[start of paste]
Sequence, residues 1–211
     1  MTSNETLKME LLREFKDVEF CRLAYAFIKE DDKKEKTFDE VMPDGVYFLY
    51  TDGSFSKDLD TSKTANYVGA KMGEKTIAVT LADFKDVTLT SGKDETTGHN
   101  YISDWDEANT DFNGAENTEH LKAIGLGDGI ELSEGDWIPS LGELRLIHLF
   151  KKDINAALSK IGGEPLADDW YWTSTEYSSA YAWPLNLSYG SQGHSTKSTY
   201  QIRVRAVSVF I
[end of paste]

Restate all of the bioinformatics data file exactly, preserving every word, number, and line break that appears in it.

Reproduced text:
Sequence, residues 1–211
     1  MTSNETLKME LLREFKDVEF CRLAYAFIKE DDKKEKTFDE VMPDGVYFLY
    51  TDGSFSKDLD TSKTANYVGA KMGEKTIAVT LADFKDVTLT SGKDETTGHN
   101  YISDWDEANT DFNGAENTEH LKAIGLGDGI ELSEGDWIPS LGELRLIHLF
   151  KKDINAALSK IGGEPLADDW YWTSTEYSSA YAWPLNLSYG SQGHSTKSTY
   201  QIRVRAVSVF I